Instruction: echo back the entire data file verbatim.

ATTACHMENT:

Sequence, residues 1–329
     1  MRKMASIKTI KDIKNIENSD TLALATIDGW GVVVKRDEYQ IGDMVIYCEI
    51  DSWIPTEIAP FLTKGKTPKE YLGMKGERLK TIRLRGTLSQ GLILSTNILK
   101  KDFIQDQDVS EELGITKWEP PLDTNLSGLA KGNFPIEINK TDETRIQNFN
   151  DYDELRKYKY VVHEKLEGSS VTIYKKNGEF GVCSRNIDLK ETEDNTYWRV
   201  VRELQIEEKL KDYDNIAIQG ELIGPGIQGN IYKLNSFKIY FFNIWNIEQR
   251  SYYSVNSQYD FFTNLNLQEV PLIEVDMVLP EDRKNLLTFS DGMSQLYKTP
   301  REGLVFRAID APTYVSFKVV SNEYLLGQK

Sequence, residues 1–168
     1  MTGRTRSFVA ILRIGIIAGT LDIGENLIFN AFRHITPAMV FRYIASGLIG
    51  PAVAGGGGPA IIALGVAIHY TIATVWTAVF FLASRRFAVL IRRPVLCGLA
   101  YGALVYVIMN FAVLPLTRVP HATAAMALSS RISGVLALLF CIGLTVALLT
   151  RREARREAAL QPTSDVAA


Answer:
Sequence, residues 1–329
     1  MRKMASIKTI KDIKNIENSD TLALATIDGW GVVVKRDEYQ IGDMVIYCEI
    51  DSWIPTEIAP FLTKGKTPKE YLGMKGERLK TIRLRGTLSQ GLILSTNILK
   101  KDFIQDQDVS EELGITKWEP PLDTNLSGLA KGNFPIEINK TDETRIQNFN
   151  DYDELRKYKY VVHEKLEGSS VTIYKKNGEF GVCSRNIDLK ETEDNTYWRV
   201  VRELQIEEKL KDYDNIAIQG ELIGPGIQGN IYKLNSFKIY FFNIWNIEQR
   251  SYYSVNSQYD FFTNLNLQEV PLIEVDMVLP EDRKNLLTFS DGMSQLYKTP
   301  REGLVFRAID APTYVSFKVV SNEYLLGQK

Sequence, residues 1–168
     1  MTGRTRSFVA ILRIGIIAGT LDIGENLIFN AFRHITPAMV FRYIASGLIG
    51  PAVAGGGGPA IIALGVAIHY TIATVWTAVF FLASRRFAVL IRRPVLCGLA
   101  YGALVYVIMN FAVLPLTRVP HATAAMALSS RISGVLALLF CIGLTVALLT
   151  RREARREAAL QPTSDVAA